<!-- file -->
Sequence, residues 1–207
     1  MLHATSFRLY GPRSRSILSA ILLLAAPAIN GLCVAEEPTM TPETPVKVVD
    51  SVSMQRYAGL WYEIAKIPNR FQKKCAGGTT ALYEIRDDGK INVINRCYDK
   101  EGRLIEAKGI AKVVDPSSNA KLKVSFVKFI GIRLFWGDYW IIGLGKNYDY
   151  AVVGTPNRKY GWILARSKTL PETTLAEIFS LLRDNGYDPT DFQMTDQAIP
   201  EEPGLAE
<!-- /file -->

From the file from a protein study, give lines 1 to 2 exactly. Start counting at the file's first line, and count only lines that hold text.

Sequence, residues 1–207
     1  MLHATSFRLY GPRSRSILSA ILLLAAPAIN GLCVAEEPTM TPETPVKVVD